In a confirmation hearing that was predictable (save for a fire alarm that evacuated City Hall-- the second in as many days), Jorge Carrasco-- the controversial leader of Seattle City Light-- appears to have lined up the support he needs from community leaders, though he drew strong opposition from a handful of longtime employees who showed up to testify.
Doreen McGrath, a 23-year employee, told city council members that every time a problem confronts the agency the solution is to hire a consultant to study it. "Part of the culture is that corporations do it better. I don't think that's true," she said. "What I don't see at the utility is a trust in employees. I don't think they're looked to for direction and answers."
Denise Krownbell, a shop steward for Local 17, told the council that Carrasco has an "anti-union, anti-rank-and-file attitude against employees." And Larry Works, a customer service employee for 34 years, agreed. He said: "The twin evils of discrimination and retaliation plague City Light."
But Joe Simpson, the business representative for Local 77, (despite telling The Weekly earlier this year that union would not support Carrasco's reconfirmation) said 77 will stand by the Super, though he was vague as to why. "We have gained on a number of positions," he said.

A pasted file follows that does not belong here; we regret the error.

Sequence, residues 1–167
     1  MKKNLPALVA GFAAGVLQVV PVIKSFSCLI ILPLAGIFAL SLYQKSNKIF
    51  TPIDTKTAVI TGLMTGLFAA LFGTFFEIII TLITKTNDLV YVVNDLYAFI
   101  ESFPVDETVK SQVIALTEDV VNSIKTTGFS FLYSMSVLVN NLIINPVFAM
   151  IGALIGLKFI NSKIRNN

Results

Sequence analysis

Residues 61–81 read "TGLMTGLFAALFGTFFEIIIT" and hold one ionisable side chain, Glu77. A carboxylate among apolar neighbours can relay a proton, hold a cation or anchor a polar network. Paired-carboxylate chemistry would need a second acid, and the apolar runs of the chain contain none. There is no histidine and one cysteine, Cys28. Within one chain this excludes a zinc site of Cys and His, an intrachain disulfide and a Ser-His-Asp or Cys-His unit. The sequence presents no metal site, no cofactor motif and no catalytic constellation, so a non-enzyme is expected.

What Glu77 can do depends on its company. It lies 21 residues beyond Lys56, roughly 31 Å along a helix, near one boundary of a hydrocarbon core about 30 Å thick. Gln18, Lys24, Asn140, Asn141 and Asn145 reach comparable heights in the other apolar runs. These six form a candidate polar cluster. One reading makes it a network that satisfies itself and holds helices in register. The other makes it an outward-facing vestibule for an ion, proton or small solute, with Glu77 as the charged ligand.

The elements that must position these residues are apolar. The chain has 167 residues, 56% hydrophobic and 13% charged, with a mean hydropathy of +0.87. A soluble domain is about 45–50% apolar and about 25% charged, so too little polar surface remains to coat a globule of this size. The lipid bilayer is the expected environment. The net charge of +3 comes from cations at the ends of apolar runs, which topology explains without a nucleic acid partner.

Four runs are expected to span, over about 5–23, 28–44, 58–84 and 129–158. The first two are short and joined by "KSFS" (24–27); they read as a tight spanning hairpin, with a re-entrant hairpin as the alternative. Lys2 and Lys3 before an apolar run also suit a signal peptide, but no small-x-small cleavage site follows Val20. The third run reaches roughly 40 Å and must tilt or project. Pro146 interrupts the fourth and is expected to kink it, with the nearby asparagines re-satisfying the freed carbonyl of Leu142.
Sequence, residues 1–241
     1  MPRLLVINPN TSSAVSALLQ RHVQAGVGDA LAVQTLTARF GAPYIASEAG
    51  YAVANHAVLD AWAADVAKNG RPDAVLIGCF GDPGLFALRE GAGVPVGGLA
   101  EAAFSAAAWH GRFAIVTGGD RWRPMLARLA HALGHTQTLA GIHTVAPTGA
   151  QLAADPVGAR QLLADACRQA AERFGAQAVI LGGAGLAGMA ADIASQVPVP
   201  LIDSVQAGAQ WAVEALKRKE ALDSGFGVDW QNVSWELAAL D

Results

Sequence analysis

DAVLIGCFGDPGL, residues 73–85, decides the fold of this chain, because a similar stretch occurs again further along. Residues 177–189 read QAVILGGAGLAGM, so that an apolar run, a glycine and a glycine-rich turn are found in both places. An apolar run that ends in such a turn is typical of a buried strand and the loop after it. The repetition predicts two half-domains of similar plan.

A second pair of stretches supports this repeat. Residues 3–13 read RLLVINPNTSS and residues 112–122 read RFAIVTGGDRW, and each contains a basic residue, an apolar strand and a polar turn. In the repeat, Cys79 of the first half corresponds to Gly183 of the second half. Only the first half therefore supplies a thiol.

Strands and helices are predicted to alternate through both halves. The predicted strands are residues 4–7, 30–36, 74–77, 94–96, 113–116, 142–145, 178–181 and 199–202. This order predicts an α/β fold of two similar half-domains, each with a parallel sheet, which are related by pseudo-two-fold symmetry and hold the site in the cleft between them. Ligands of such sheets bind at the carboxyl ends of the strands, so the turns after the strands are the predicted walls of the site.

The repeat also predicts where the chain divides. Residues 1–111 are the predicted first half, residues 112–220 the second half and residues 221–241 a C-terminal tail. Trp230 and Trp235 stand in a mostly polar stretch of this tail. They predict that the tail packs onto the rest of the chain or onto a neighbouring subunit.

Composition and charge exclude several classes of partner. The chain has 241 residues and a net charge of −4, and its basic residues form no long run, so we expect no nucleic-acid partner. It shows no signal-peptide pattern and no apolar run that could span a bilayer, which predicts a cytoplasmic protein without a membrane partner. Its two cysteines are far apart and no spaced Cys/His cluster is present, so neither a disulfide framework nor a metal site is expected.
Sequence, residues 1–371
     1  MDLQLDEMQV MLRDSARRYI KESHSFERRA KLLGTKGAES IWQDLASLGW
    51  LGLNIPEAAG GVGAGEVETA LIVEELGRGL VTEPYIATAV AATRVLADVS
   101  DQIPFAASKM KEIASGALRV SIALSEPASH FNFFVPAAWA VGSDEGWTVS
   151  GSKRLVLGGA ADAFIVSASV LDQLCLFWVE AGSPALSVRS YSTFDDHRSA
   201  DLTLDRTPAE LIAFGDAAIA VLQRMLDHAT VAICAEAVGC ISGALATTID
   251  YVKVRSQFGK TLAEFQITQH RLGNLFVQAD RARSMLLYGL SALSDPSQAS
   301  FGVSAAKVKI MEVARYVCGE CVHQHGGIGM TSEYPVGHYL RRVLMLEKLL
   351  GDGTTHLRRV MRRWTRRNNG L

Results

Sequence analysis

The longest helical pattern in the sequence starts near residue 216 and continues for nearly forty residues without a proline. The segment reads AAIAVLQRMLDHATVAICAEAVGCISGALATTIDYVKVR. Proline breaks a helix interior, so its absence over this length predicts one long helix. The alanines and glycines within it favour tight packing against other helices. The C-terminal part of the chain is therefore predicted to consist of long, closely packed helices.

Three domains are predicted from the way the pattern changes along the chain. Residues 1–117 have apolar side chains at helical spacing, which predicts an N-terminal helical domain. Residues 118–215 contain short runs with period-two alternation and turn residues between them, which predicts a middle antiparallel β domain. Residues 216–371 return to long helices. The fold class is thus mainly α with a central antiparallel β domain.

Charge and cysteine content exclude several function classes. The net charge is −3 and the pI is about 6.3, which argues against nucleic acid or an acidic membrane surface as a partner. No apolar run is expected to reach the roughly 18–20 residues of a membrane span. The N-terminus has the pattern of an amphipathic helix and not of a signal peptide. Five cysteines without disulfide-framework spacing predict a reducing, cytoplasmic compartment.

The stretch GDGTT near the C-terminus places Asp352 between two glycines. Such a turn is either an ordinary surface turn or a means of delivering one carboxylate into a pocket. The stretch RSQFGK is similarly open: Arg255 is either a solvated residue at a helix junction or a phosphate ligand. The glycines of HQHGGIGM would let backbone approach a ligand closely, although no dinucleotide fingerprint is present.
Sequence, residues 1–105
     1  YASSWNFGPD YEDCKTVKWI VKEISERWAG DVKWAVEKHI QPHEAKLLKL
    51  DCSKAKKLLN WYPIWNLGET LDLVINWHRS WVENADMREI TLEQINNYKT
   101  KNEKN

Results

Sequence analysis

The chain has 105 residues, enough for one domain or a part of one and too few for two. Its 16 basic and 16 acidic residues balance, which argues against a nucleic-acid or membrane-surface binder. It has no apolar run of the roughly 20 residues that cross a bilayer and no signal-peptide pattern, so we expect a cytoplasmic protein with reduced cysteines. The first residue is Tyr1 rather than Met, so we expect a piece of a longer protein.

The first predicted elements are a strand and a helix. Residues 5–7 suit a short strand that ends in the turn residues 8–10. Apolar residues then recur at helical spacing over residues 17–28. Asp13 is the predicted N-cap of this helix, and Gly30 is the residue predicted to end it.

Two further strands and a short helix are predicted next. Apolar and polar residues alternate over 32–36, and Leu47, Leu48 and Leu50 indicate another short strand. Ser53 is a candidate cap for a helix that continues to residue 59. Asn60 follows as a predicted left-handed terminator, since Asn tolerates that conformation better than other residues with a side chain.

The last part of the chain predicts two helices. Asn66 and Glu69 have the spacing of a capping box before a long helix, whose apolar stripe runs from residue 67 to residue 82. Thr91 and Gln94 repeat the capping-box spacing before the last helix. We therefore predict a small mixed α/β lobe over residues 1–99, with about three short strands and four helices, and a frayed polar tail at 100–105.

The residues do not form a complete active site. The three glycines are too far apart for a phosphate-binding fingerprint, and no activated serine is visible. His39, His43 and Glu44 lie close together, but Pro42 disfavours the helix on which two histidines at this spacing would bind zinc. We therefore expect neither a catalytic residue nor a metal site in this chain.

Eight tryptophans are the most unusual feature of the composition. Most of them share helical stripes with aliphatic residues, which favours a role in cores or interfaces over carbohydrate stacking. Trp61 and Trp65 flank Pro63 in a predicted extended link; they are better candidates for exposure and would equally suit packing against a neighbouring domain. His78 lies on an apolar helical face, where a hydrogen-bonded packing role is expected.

Former City Light employee Bob Royer, acknowledged that Carrasco brings an "edge to the place" that may cause some hard feelings, "but that's not necessarily bad for the ratepayer," he said.
Customer service has improved since Carrasco took over four years ago, said Rod Kauffman, president of the Building Owners and Managers Association, noting a survey conducted by his organization. Though he said there's still work to be done at the agency-- namely coming up with a plan for managing risk and preparing for what's expected to be massive retirements, Kauffman said Carrasco's "well qualified" for the job. Carrasco also got a nod of approval from former superintendent Randy Hardy, who led the agency from 1984 to 1991.
Council member Bruce Harrell has two more sessions planned to get feedback from employees before his Energy and Technology Committee takes up Carrasco's reconfirmation May 22.
Update: Though the committee plans to discuss Carrasco's reconfirmation on the 22nd, a vote has not yet been scheduled.